Curious about Mars: Rover Raman

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  • Published: Oct 1, 2017
  • Author: David Bradley
  • Channels: Raman
thumbnail image: Curious about Mars: Rover Raman

Curiouser

NASA's Curiosity rover has roamed the surface of Mars for the last five years with its ChemCam laser system capturing chemical data from its surroundings. Details of a Raman instrument that will be aboard the ChemCam on the NASA Mars 2020 rover, will be reported at the OSA Laser Congress, 1-5 October 2017 in Nagoya, Japan. (Image NASA)

NASA's Curiosity rover has roamed the surface of Mars for the last five years with its ChemCam laser system capturing chemical data from its surroundings. Details of a Raman instrument that will be aboard the ChemCam on the NASA Mars 2020 rover, will be reported at the OSA Laser Congress, 1-5 October 2017 in Nagoya, Japan.

The next Mars Rover will be launched in 2020 and will offer a new vision of the Red Planet with a faster LIBS (Laser Induced Breakdown Spectroscopy) system and an entirely new conduction-cooled laser system for non-destructive Raman spectroscopy. The latter will be capable of detecting the carbon-based signatures of organic materials.

Stacked diodes

The Thales Group is working with the Centre National d'Etudes Spatiales (CNES) and The Research Institute in Astrophysics and Planetology (IRAP), France, to develop and test the compact SuperCam system that will take Raman to Mars and be able to endure the harsh conditions there. The team will present results from a test model at the meeting. Unlike Curiosity's LIBS-only functionality, this new instrument will be able to switch between a LIBS mode and a Raman laser mode. This requires two different laser colours to excite and probe molecular vibration energies in non-destructive chemical analysis. The second colour is generated by a frequency-doubling crystal, thus precluding the need for two different lasers. This 532 nanometre beam will allow the Rover to spot organic molecules although it will not be able to discern whether the presence of such carbon compounds is due to living organisms that may or may not have existed in the planet.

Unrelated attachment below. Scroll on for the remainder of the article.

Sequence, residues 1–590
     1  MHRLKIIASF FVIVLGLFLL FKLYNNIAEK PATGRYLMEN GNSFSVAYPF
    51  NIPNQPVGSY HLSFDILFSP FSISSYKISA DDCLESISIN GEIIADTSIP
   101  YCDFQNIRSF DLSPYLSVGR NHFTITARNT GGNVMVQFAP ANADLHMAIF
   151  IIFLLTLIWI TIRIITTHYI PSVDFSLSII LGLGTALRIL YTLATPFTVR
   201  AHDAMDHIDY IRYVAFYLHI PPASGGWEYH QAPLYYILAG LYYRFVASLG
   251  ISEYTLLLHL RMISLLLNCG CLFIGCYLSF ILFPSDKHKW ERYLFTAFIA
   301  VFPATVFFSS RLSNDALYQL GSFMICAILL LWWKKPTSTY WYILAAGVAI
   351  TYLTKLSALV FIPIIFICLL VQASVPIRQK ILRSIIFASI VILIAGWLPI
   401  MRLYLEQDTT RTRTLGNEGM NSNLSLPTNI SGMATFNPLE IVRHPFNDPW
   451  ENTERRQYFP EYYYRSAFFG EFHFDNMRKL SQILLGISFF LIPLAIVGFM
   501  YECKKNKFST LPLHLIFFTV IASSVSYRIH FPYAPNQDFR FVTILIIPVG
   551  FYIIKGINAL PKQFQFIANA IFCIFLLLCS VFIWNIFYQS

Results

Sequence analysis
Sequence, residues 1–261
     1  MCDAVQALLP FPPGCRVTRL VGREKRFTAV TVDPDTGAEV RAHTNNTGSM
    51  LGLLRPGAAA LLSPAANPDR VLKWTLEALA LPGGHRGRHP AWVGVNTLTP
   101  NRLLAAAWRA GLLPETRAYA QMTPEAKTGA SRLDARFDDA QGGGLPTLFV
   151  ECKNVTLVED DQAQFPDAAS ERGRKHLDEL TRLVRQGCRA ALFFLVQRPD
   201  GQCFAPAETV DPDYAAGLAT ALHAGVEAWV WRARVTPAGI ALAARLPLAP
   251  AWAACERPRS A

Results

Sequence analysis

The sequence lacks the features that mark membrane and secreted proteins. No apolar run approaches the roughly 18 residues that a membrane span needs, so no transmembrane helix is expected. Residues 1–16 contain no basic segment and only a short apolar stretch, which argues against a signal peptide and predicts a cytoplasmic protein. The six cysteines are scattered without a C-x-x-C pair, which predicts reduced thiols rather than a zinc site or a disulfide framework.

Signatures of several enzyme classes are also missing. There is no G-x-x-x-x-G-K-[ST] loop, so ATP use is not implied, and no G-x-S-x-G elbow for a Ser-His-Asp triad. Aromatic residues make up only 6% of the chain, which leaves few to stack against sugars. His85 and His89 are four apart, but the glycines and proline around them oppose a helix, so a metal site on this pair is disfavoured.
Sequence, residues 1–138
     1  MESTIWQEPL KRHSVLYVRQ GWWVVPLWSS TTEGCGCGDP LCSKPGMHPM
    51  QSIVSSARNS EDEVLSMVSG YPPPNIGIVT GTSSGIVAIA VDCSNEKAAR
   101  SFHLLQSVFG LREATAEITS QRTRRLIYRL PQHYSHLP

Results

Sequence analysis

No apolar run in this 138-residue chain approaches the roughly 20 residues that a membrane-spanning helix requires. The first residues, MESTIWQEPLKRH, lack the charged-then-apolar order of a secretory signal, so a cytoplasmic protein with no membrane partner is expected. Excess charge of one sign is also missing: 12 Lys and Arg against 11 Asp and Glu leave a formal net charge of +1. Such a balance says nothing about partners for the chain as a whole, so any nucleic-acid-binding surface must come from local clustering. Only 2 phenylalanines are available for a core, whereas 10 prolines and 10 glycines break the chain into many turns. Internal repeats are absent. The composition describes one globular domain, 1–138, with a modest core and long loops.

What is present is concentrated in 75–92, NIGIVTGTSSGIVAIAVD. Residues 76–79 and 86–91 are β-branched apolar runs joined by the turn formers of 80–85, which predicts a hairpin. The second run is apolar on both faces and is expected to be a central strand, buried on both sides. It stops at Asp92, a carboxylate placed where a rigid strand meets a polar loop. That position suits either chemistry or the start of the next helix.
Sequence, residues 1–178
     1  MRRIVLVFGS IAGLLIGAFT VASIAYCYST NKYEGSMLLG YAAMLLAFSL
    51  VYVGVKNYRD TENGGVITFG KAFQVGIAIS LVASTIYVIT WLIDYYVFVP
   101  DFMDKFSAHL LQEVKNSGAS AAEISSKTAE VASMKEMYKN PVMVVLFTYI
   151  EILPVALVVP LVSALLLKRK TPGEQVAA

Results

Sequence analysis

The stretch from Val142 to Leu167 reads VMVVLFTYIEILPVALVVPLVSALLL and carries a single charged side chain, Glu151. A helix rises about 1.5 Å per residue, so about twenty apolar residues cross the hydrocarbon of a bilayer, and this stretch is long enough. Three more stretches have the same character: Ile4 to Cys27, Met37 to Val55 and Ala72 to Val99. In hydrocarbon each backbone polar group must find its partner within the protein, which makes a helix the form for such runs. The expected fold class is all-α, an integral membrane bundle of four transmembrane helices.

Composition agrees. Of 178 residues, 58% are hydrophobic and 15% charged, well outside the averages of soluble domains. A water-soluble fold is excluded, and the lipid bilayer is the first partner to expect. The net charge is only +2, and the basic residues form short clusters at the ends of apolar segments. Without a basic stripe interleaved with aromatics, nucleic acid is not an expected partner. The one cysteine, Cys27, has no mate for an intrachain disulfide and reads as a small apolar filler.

The upgraded LIBS oscillator uses a diode pumped Nd:YAG crystal, as opposed to ChemCam's Nd:KGW, which provides the longer bursts but requires new methods to ensure functionality over a large temperature range. Because the Nd:YAG absorbs over a narrow range of frequencies to lase at a given temperature, the SuperCam uses a multicolour stacked diode that can pump with a wide spectrum to account for a range in temperatures.

Burst mode

"This laser is running in burst mode, but with this laser we can do 1000 shots in one burst while the ChemCam laser was 10 time less," explains Thales scientist Eric Durand. "We longitudinally pump this laser with a stack which is a broadband emitting so that when the temperature is changing, the ND:YAG crystal is still absorbing the light and the laser can be used over at least 50 to 60 degrees without temperature regulation."

To complicate matters further, the KTP crystal producing the green, frequency doubled light requires additional stabilization. "The most difficult aspect was to achieve the temperature range also with the green wavelength because we have to keep the efficiency over the whole range, and it was only possible by heating a little the KTP crystal," adds Durand.

All of this temperature stabilization must work and keep the system aligned on Mars; it is difficult enough in the laboratory, the researchers concede. Of course, it also has to survive the journey and the landing in a compact delivery capsule and so is laser welded to create strong seals. The team hopes that the capabilities of their new SuperCam will provide invaluable chemical data once the successor to Curiosity is probing the Martian surface.

Related Links

NASA 2017, online: "Mars 2020 Rover"

Article by David Bradley

The views represented in this article are solely those of the author and do not necessarily represent those of John Wiley and Sons, Ltd.

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